Centennial Farm seeks prize toward compost education program

COSTA MESA — The name Centennial Farm may not sound that familiar, but if you mention the big red barn at the Orange County Fairgrounds, locals immediately recognize the farm. Besides the Millennium Barn, the farm has fruit and vegetable gardens and livestock, which are open to the public.

This summer, locals have one more way to get involved with the farm. From Aug. 3 to Sept. 13, the Centennial Farm Foundation is competing to win a $20,000 prize from the Tom's of Maine "50 States for Good" initiative. The brand, known for its all-natural line of toothpastes, is recognizing five organizations that work to create "positive, lasting change to communities."

If the Costa Mesa nonprofit wins, the foundation plans to invest the money in a new program at the fairgrounds' farm called "Engrossed in Compost," which will teach the public the values of composting and do-it-yourself composting.

"It's all about environmental sustainability," said Joan Hamill, the fairgrounds' community relations director. "We want to be responsible with our waste and set an example."

The farm will use the waste that it generates — from byproducts such as tree clippings, paper towels, and animal waste — to produce and maintain 27 cubic feet of compost, or enough to spread nine yards through the farm every three weeks.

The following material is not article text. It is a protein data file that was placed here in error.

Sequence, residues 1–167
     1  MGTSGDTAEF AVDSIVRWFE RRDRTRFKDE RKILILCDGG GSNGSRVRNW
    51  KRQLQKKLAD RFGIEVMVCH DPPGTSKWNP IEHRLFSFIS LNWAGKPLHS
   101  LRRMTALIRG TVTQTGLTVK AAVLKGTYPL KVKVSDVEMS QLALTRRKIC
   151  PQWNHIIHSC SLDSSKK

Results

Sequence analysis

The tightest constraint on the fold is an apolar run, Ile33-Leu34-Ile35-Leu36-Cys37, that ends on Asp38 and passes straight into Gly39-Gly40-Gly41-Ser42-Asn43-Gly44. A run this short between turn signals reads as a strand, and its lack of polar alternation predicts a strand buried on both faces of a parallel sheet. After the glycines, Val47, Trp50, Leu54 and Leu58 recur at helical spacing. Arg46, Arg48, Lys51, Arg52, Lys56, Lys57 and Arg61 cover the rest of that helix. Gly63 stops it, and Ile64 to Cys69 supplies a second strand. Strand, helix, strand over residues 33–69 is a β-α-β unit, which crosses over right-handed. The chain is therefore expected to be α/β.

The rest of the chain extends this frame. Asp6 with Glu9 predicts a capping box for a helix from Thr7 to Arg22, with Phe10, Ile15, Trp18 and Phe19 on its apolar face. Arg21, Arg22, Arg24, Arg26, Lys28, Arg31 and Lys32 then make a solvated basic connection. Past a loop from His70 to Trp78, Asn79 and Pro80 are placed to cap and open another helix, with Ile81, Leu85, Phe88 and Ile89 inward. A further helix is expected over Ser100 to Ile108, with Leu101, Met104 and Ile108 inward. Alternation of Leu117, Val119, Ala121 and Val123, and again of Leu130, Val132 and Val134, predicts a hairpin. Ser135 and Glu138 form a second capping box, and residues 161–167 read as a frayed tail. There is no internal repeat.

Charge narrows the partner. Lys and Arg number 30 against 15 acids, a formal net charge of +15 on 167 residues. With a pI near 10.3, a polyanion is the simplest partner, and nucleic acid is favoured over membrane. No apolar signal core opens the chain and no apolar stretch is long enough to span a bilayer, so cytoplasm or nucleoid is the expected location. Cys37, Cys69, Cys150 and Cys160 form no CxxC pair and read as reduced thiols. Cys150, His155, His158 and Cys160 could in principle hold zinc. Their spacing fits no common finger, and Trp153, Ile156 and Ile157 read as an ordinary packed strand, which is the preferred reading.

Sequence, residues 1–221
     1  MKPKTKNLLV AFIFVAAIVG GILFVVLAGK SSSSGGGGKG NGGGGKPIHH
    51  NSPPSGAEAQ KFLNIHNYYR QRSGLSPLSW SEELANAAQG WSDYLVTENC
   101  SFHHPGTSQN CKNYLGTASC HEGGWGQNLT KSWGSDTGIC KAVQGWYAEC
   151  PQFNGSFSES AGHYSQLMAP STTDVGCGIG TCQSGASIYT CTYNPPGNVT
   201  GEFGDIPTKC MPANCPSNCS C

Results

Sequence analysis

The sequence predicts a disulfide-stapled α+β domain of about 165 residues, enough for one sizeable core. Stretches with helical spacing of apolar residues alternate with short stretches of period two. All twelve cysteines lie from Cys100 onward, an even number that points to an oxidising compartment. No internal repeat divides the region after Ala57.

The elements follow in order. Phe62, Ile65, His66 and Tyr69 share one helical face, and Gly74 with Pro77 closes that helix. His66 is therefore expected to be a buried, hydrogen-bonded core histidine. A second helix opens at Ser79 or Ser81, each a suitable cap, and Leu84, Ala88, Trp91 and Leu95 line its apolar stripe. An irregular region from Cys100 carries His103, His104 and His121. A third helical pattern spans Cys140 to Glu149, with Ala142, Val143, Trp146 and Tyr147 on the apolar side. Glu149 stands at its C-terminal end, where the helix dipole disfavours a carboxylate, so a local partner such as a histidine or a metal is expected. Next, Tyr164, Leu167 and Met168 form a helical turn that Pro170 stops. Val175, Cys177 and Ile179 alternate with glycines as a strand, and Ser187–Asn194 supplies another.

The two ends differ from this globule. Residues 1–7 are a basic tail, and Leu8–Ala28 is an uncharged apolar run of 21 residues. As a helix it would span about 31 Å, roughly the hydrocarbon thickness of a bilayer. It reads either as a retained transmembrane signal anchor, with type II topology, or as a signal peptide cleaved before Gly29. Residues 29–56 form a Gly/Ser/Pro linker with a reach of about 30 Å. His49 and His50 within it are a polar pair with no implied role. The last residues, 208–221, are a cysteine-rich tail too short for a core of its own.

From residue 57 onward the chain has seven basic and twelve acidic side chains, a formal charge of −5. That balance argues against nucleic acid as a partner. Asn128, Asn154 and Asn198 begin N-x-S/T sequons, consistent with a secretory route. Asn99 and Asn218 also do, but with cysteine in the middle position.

The farm has been trying its best to get the word out about the contest, which would put the new compost program into action.

"It's been serendipitous that it coincides with the fair," Hamill said.

Indeed, it is the time of the year when most Orange County residents make their yearly visit to the fairgrounds. Most people head to the farm to check out the animals, such as cows, pigs and goats, and the kids always try to pet a bunny or hold a baby chick. While visitors enjoy the farm's grounds, the employees are urging them to go home and vote for the Orange County educational attraction.

"When kids come through during their visits, we try to educate them and teach them how they might incorporate composting," she said.

Even if they don't win the $20,000 prize, Centennial Farm has its eye on the real prize: educating the public about composting.

"We are committed to this project," Hamill said. "It might take another shake. We might have to revisit our timeline or seek other funding opportunities … but it is a goal and it is something we intend to do."

Voting ends Sept. 10. For more information, visit http://www.50statesforgood.com. Tom's of Maine will announce the names of the five winning projects in October.

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